The fracturing of cloud computing into several different "types" has made it even more difficult to fully comprehend the cloud conversation. These days, the concept of "cloud computing" now encompasses public cloud, private cloud and even hybrid cloud models. And within each model, various vendors and pundits supply different definitions, all of which seem designed to suit their specific needs.
This confusion is why I attempted to define private cloud in my recent book, Private Clouds: Selecting the Right Hardware for a Scalable Virtual Infrastructure. Here's how I describe it:
"While virtual machines are the mechanism in which IT services are provided, the private cloud infrastructure is the platform that enables those virtual machines to be created and managed at the speed of business."
Within [Hyper-V Cloud] are some real technologies that are compelling to both technologists and business-oriented types.
Some IT pros might look at that statement and think, "That almost describes what my virtual environment already does today." Depending on their configurations, they're probably not far off. And that's, at least in my mind, where most of the confusion about private cloud comes from: It is in many ways less revolutionary than people think. Here's another definition:
"A private cloud at its core is little more than a virtualization technology, some really good management tools, the right set of hardware and business process integration."
This, of course, means that private cloud requires virtualization, hardware to run that virtualization and the administrative tools that link what businesses demand with what computing resources can supply.
I use this lengthy introduction as a starting point for Microsoft's entry into private cloud because its Hyper-V Cloud represents both of these definitions. While the software technologies aren't entirely new, they are being laid together in ways that better align virtualization's activities with business processes.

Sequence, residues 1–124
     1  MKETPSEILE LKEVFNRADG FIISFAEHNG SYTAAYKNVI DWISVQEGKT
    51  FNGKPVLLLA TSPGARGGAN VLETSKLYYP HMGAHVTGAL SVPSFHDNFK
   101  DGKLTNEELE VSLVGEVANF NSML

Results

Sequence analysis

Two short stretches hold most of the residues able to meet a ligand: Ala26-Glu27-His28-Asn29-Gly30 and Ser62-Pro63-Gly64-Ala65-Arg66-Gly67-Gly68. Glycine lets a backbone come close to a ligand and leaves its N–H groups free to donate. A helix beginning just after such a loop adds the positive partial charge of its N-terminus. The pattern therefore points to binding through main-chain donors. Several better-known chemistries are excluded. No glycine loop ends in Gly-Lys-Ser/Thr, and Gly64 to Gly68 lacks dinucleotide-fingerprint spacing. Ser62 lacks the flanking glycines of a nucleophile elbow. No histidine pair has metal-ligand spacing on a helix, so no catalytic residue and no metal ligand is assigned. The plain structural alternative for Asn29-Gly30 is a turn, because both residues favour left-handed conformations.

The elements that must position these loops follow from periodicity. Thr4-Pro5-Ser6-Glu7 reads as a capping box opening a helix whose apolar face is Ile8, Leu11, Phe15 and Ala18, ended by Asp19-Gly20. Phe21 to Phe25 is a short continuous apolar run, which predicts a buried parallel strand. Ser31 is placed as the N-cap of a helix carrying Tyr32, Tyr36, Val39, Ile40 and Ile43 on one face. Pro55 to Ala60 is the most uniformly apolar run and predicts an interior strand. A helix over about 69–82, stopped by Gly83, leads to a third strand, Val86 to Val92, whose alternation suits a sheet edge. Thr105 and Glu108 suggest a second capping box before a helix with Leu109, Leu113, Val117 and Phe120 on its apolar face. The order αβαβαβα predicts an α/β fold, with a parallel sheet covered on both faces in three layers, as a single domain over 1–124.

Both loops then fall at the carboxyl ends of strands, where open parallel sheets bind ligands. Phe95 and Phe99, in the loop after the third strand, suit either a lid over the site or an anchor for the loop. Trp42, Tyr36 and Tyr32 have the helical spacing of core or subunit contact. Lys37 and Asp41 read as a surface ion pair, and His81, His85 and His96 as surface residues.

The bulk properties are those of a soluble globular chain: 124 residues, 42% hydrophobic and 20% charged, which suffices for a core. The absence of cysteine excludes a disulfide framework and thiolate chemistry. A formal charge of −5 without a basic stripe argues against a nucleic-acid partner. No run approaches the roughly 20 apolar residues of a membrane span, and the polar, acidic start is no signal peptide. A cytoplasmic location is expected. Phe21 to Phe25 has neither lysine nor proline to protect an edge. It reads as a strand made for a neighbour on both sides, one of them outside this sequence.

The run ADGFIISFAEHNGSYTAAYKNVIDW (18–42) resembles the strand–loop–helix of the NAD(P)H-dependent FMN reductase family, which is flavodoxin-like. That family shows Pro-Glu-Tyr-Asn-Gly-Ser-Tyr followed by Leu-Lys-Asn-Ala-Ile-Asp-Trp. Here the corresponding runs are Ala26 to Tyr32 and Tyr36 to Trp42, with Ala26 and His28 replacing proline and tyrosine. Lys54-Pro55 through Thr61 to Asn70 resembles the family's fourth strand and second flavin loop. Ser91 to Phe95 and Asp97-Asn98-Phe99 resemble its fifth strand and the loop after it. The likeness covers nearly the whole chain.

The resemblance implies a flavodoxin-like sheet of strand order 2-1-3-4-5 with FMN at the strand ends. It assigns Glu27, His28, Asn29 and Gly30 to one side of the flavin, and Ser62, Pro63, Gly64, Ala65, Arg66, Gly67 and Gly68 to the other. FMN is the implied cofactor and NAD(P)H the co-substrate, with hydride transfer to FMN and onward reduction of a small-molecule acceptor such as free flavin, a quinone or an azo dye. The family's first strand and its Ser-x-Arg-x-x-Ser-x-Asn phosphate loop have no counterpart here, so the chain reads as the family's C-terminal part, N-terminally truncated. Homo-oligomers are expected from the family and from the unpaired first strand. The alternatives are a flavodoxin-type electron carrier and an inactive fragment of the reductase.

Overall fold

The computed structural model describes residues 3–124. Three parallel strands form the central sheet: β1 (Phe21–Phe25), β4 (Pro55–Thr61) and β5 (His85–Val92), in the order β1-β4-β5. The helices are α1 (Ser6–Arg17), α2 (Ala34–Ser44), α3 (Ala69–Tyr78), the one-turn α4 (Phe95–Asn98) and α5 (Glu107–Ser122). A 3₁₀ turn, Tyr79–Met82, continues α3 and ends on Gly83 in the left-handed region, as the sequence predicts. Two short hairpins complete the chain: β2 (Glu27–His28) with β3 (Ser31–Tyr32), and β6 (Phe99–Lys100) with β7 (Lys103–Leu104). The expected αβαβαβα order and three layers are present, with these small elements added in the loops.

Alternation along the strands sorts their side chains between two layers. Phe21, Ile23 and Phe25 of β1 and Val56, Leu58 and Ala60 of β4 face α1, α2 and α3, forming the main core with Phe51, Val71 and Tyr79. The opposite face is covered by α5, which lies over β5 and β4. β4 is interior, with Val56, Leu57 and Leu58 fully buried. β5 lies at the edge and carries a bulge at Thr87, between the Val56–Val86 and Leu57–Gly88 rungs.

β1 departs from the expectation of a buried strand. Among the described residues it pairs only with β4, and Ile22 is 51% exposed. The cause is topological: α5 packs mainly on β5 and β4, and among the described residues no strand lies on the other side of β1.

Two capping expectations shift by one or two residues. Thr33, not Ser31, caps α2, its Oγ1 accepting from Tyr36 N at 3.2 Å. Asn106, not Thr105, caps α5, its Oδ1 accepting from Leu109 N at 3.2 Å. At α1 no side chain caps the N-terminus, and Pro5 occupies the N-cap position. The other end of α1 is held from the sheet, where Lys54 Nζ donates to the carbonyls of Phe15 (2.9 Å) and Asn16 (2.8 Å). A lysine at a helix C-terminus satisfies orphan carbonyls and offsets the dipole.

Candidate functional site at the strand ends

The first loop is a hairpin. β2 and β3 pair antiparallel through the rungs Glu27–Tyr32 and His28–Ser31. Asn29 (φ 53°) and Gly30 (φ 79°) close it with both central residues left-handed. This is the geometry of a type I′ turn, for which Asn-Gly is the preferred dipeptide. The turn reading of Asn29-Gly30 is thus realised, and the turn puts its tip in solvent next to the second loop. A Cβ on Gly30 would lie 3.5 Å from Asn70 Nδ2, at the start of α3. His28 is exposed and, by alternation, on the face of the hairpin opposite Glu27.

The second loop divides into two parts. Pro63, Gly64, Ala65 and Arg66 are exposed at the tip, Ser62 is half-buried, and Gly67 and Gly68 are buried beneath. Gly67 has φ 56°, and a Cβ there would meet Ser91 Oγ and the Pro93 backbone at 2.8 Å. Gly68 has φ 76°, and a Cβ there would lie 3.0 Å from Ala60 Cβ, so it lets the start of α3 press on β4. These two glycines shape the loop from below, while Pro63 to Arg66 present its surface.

Explaining the Hyper-V Cloud
So what is Microsoft's Hyper-V Cloud? In one form, it's a combination of Microsoft virtualization and virtualization management software with a set of specialized hardware, which I can only describe as being "designed with virtualization in mind."
The third piece to this puzzle is the management activities that link business process integration with virtualization. These concepts will be difficult to grasp for more technical IT pros, but they should make sense to anyone who understands the business side.
More technically-minded users should think of the situation like this: Virtualization is a technology. Using virtualization, virtual machines are provisioned and managed, assigned resources, and then deprovisioned when they're no longer relevant. At the same time, however, there are business rules that define when to create, or interact with, those virtual machines. Some business driver (think: new opportunity) decides when a new SQL, Exchange or other server is needed. Another business driver (think: business expansion) decides when it's time to add more resources to augment existing virtual environments.
Private cloud infrastructure enables virtual machines to be created and managed at the speed of business.
Traditional virtualization has never been good at translating those business drivers into actual clicks inside its virtual management platform. This translation is one of the goals of private cloud, and it's one of the primary reasons for Microsoft's Hyper-V Cloud implementation.
Now, before you quickly throw away this concept as vaporware or "just another Microsoft marketing campaign," know that within it are some real technologies that are compelling to both technologists and business-oriented types. Some of them, like the evolving hardware that drives virtualization, are here today and quite exciting in how they change our perceptions. Others, like Microsoft's virtualization management studio in System Center Virtual Machine Manager, remain unchanged but should be evolving in the near future.
Private clouds represent a new way of thinking about the resources in your virtual environment. By collecting together the right set of hardware -- that which has been designed with virtualization in mind -- a kind of "economics of resources" comes into being. Both the enabling technologies, as well as the economics themselves, will be the topics of my next two tips in this series.
Until then, take a look through Microsoft's description of the Hyper-V Cloud portfolio. There are a few gems of useful information included that should get you started.
ABOUT THE AUTHOR:
Greg Shields, Microsoft MVP, is a partner at Concentrated Technology. Get more of Greg's Jack-of-all-Trades tips and tricks at www.ConcentratedTech.com.